Former PM David Cameron Joins Northern Businesses Showcasing Uk Life Science
The world's largest biotech gathering taking place in San Diego this week, the BIO Convention, has seen the North of England showcase its offer to more than 60 countries - and former Prime Minister David Cameron talk down fears over what Brexit will mean for the sector.
Four of the seven sponsors of the Department for International Trade's UK stand at BIO come from the North, including the Alderley Park campus in Cheshire and North West EHealth, based at CityLabs in Manchester. The Northern Health Service Alliance and the government's Northern Powerhouse group also feature prominently.
Delivering the keynote address, Mr Cameron told delegates that he would think about the outcome of the EU referendum "every day until I died - not because of the consequences for me but because of what it means for the country."
Around the question of EU citizens right to have employment in the UK, he said: "Don't worry about EU nationals working in your business, their rights will be guaranteed. Don't worry about accessing talent from the EU, some form of online work permit will be available. Spend your time on the exact nature of the trading relationship between UK and EU.”
Mr Cameron suggested that Britain could stay in the European Medicines Agency (EMA), which is responsible for the scientific evaluation and supervision of medicines. He also proposed that the UK could seek an equivalence deal between the EMA and the UK regulator, the Medicines and Healthcare Products Regulatory Agency.
Having come on stage to the soundtrack of rock band Florence + The Machine and the lyric: “It’s always darkest before the dawn”, Mr Cameron was asked by BIO President and CEO, Jim Greenwood whether he regretted holding the EU referendum.
"It was the right decision. This issue of Europe was poisoning British politics. Our anti-system party, UKIP, was scoring 20-30% in polls and at European elections. Tony Blair had promised a referendum but didn't deliver it. I'd promised a referendum on the Lisbon Treaty but couldn't deliver it. This issue was coming. And it needed to be dealt with. I felt it was better to do it at a time when you had a Conservative government that wanted to stay in."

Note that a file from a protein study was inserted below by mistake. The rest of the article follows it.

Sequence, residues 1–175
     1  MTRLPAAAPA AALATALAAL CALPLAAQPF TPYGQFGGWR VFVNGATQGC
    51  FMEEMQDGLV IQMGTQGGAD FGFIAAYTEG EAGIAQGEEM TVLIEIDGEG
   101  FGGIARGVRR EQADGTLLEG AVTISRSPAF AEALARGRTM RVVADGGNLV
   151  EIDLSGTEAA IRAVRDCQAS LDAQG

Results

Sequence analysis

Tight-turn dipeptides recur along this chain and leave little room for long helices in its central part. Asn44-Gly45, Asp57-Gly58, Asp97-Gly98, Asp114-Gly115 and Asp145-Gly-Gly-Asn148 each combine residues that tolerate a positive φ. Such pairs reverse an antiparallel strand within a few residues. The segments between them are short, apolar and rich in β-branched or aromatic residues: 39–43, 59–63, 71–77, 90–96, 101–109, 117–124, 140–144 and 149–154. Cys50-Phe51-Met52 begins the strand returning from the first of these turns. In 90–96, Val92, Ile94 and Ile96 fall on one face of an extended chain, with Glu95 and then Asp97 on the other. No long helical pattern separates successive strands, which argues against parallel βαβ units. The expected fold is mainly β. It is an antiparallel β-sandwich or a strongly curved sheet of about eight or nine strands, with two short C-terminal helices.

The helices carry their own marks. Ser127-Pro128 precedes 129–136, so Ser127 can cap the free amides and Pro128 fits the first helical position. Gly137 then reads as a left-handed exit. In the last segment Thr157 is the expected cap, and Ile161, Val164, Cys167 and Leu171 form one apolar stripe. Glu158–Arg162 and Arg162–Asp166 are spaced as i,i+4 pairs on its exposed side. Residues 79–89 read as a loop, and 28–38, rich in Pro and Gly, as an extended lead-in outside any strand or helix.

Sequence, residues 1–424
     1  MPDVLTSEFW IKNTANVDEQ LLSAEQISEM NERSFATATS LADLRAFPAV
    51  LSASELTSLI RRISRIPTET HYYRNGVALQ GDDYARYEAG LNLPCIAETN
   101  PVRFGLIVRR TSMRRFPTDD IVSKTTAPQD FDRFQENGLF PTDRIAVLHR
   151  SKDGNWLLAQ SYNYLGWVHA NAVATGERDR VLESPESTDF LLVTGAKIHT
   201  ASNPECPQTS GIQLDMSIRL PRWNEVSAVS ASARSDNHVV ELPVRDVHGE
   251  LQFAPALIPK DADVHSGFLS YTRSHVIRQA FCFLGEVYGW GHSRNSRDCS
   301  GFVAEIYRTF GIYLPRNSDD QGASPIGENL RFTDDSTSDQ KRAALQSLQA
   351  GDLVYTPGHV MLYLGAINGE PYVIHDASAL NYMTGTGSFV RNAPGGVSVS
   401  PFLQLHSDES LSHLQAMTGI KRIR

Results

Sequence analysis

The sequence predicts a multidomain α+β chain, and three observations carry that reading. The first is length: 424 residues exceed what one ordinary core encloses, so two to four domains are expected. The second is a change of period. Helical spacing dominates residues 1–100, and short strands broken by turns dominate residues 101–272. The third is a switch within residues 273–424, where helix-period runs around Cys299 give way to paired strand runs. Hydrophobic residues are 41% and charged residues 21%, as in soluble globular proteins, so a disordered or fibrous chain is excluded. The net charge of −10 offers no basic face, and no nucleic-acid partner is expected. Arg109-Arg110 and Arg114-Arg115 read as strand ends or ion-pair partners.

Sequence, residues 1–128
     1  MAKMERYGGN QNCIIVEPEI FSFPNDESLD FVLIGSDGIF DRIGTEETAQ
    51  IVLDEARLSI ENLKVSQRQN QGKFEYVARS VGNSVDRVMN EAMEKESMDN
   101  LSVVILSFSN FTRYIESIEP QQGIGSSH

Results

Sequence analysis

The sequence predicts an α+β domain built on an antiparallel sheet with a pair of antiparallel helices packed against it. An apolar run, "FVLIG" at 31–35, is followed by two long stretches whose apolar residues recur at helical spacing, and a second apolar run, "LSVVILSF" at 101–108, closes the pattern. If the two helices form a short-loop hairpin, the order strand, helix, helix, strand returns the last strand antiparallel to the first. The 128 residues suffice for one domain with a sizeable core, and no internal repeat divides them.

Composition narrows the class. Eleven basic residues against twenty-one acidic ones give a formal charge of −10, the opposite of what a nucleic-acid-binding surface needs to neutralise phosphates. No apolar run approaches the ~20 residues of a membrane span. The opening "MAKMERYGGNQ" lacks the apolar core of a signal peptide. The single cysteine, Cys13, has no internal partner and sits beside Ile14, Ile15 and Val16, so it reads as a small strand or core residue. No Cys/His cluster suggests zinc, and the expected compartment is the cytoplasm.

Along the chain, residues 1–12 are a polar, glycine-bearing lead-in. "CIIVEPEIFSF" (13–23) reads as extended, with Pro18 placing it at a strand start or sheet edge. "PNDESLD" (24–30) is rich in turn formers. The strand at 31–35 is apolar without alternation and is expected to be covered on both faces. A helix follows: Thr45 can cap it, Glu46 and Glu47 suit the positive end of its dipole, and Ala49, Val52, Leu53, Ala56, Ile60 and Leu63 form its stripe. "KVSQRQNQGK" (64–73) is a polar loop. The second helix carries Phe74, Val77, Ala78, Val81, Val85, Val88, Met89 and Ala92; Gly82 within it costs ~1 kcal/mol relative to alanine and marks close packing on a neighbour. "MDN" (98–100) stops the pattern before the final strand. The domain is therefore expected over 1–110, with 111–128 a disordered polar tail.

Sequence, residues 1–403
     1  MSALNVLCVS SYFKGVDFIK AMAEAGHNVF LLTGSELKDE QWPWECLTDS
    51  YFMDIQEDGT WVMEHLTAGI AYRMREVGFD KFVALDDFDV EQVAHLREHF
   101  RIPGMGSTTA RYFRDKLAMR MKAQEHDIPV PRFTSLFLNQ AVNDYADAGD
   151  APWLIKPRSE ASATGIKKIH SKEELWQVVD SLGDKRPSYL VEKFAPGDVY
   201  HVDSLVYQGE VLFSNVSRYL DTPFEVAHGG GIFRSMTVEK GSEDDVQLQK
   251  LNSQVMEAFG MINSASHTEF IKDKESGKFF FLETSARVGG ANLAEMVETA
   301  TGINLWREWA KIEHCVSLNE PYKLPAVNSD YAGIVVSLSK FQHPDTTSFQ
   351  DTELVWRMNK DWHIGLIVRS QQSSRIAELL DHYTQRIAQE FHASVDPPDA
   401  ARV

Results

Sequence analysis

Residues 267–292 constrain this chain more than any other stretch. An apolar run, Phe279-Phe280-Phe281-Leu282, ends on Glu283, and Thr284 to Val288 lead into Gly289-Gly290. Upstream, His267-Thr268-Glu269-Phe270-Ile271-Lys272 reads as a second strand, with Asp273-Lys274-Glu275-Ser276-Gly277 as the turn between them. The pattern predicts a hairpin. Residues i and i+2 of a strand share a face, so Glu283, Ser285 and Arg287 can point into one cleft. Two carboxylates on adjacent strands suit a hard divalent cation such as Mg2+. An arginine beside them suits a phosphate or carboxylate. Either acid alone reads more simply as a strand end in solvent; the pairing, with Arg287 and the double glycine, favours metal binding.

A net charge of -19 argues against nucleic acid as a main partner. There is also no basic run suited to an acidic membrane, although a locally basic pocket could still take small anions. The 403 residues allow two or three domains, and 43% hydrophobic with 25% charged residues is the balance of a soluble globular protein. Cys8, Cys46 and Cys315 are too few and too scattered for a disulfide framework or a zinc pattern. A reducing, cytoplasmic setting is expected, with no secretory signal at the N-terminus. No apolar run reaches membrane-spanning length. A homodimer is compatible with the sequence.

Mr Cameron said he is confident the UK can find a way forward. "If Britain was a small country on the edge of Europe that could be pushed around I would worry a lot. But we are still the sixth biggest economy in the world. We have many strengths and I think we have the ability to negotiate with our neighbours and partners a fair outcome. And that is what I think will happen.”
He also defended Prime Minister Theresa May's decision to call an early election: "She was trying to do something very sensible. Brexit is enormously difficult to negotiate and do. She called the election with two aims. First to give herself more time - a five-year Parliament so you can have transitional arrangements and use all the time you've got. But she also wanted a bigger mandate. A greater ability to face down critics either in her own party or in Brussels. Sadly this hasn't worked."
Asked what had gone wrong, he said: "It's always easy to criticise but if you hold an election which is about strengthening your hand in Brexit then you probably ought to focus squarely on that - don't introduce too many other extra ideas.
"I hope we can deliver Brexit in a way where we stay as close as possible to the single market. We were reluctant tenants [in the EU]. We can be good neighbours. That's the goal."
Asked if there was a common thread the unexpected outcome of three polls - a hung Parliament, President Trump and the EU referendum, Mr Cameron said: "There's an unease with globalisation. I'm a free-trading, inward-investment encouraging Conservative but you have to recognise two things. One is the economic effect - too many have been left behind. We need to act on that. But there is also a cultural problem. The pace of immigration has been more than people are prepared to cope with. In France the moderate centrist Macron won but in the first round almost 50% of the people voted for anti-system parties. The job for mainstream politician to address these causes of populism."
Dr Chris Doherty, Managing Director of Alderley Park, commented: "It was an impressive performance. There is a feeling within UK life science that David Cameron has always understood the sector and proved to be a good ambassador here on the global stage. He has done more than most to put dementia on the global agenda, driving an ambition shared by all G7 nations to find a disease-modifying treatment by 2025. Mr Cameron visited us on the UK stand after the keynote address and was no doubt impressed that, with over 500 registered delegates, the UK has the largest overseas presence of any country at this event."